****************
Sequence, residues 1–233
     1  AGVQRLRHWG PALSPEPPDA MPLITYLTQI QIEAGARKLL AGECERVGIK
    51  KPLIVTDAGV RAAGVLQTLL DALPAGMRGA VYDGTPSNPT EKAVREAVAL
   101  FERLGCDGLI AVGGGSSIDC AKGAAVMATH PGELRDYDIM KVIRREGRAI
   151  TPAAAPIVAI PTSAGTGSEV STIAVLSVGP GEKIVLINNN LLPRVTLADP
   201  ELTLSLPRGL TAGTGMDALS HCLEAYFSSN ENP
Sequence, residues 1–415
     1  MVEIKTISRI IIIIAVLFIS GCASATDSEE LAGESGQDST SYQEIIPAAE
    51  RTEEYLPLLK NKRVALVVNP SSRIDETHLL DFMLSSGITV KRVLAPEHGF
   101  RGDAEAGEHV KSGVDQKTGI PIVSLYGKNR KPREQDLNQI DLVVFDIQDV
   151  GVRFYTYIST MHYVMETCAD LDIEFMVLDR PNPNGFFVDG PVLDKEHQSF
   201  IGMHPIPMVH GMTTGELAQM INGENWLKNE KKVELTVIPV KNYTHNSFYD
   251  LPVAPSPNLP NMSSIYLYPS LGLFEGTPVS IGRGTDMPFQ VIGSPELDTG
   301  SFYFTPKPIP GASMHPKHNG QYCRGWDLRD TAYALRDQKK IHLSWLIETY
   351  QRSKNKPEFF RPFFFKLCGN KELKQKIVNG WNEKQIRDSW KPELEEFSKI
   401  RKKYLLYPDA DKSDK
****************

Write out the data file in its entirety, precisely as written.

Sequence, residues 1–233
     1  AGVQRLRHWG PALSPEPPDA MPLITYLTQI QIEAGARKLL AGECERVGIK
    51  KPLIVTDAGV RAAGVLQTLL DALPAGMRGA VYDGTPSNPT EKAVREAVAL
   101  FERLGCDGLI AVGGGSSIDC AKGAAVMATH PGELRDYDIM KVIRREGRAI
   151  TPAAAPIVAI PTSAGTGSEV STIAVLSVGP GEKIVLINNN LLPRVTLADP
   201  ELTLSLPRGL TAGTGMDALS HCLEAYFSSN ENP
Sequence, residues 1–415
     1  MVEIKTISRI IIIIAVLFIS GCASATDSEE LAGESGQDST SYQEIIPAAE
    51  RTEEYLPLLK NKRVALVVNP SSRIDETHLL DFMLSSGITV KRVLAPEHGF
   101  RGDAEAGEHV KSGVDQKTGI PIVSLYGKNR KPREQDLNQI DLVVFDIQDV
   151  GVRFYTYIST MHYVMETCAD LDIEFMVLDR PNPNGFFVDG PVLDKEHQSF
   201  IGMHPIPMVH GMTTGELAQM INGENWLKNE KKVELTVIPV KNYTHNSFYD
   251  LPVAPSPNLP NMSSIYLYPS LGLFEGTPVS IGRGTDMPFQ VIGSPELDTG
   301  SFYFTPKPIP GASMHPKHNG QYCRGWDLRD TAYALRDQKK IHLSWLIETY
   351  QRSKNKPEFF RPFFFKLCGN KELKQKIVNG WNEKQIRDSW KPELEEFSKI
   401  RKKYLLYPDA DKSDK